As long as I can remember I’ve always had this fantasy that I’m a beautiful butterfly. Not your average brown butterfly with yellow spots, but shiny shades of blue with dark trim and a wing span that flows effortlessly in the breeze. A sparkling butterfly.
My favorite thing about butterflies is that no words need to be spoken. As they flutter about I’m desperate to stop time and admire their beauty. Their presence is captivating and I notice nothing else. The blue of the sky, the vibrant colors of flowers and the deep green shade of grass. It all fades and blurs into the background.
When the butterfly flies away the background comes into focus again. The moment is over and it’s time to face life.
This morning when I got dressed I struggled to get my jeans up past my thighs. I wiggled and squirmed and sucked it in, and wiggled and squirmed some more. I jumped up and down as if going against gravity were an actual thing. Finally- whew, but when I tried to button them I couldn’t. Muffin top prevented that from happening.
I bought those jeans five months ago. Humph.
Wearing them was my first mistake. Standing in front of a full length mirror was my second. I was bulging out everywhere- thighs, butt, all the way down to my ankles where they began to loosen up.
I squatted down in attempt to stretch them out. My blood stopped circulating. I stood there looking at myself. I felt bad. I felt gross, but only because society wants me to. I have no other reason for questioning myself.
According to the National Institute of Health I am well within the normal BMI range. Okay, so maybe I’m not statistically fat, but I undoubtedly fit the description of chunky.
My body is uncomfortable. I’m carrying extra weight. I feel it. It doesn’t belong there, but it’s also given me curves and bigger boobs. Something I’ve always wanted.
It’s a double edge sword.
I’ve lost count of the days since I last ate a piece of cake. I walk miles of track every day at the Recreation Center. I do push ups. Yoga. Meditate. I don’t eat healthy and exercise because I’m hefty. I do it for the same reason skinny people should do it. So I don’t die of heart disease.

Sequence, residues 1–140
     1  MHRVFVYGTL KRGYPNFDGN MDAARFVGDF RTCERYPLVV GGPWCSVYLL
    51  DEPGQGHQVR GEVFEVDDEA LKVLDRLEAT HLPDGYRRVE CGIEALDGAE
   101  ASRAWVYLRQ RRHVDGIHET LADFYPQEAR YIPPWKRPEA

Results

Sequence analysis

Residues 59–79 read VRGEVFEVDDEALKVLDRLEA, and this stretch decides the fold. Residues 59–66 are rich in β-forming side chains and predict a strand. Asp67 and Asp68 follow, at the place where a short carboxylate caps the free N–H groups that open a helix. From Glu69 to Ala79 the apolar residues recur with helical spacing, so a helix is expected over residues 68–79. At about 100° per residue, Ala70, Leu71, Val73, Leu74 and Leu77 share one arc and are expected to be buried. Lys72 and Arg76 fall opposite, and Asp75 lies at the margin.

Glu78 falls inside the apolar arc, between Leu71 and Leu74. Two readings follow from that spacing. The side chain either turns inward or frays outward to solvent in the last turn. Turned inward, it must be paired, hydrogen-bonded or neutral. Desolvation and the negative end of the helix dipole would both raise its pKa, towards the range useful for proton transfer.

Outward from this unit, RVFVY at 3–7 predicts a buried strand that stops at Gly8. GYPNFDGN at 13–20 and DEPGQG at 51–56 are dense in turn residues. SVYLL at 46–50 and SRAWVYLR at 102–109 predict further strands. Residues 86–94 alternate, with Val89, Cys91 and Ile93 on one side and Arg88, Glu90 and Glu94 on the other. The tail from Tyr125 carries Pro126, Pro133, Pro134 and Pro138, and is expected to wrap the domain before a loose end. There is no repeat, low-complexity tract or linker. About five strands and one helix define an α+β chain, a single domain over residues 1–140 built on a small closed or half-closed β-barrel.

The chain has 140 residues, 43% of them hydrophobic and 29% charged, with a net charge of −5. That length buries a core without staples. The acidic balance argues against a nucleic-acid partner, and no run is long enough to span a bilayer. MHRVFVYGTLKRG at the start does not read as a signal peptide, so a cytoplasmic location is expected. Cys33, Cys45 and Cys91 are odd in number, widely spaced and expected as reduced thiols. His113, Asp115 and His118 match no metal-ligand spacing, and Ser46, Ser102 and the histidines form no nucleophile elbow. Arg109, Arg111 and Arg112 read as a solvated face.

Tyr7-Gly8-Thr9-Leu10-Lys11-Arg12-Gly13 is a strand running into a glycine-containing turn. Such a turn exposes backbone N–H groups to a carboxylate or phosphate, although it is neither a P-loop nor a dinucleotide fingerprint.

Yet, I still gain weight. I defy medical science, at least the medical science printed in fashion magazines. I’ve gained over 20 pounds this past year.
Thank you, Lexapro for making me sane. For helping me feel good. For providing me the will to get out of bed every day. For allowing me the space I need from myself in order to breathe.
I embrace your side effects. I embrace my body.
Weighing in at 100 lbs for the majority of my adult life surely everyone has noticed. People will say, Wow, you look healthy!, and, Are you still going to the gym?
I want to respond with, I know your definition of “healthy” so please spare me, and yes, I exercise every damn day. I want to say, I take psych meds but hey, if you’d judge me for my weight you’d probably judge me for that too.
I don’t care what anyone thinks, I tell myself. But is that true? Sometimes I question it.
Society tells me if I’m skinny I’m beautiful, if I’m overweight I barely qualify as adequate. Am I expected to feel badly because of what society thinks, projects or has us believe?
No. No, I’m not and I won’t.
I won’t because let’s be realistic, if we all compare ourselves to society’s standards then everyone of us, for one reason or another is just an average brown butterfly with yellow spots. No one sparkles and therefore it’s not possible for one to judge another.
Anything is possible but it doesn’t make it right.
I may be an average butterfly, but I’m still a butterfly. If gaining physical weight manages the weight of depression it’s good enough for me.
Not to mention I can always wear larger size pants and wear them just as everyone should. With pride.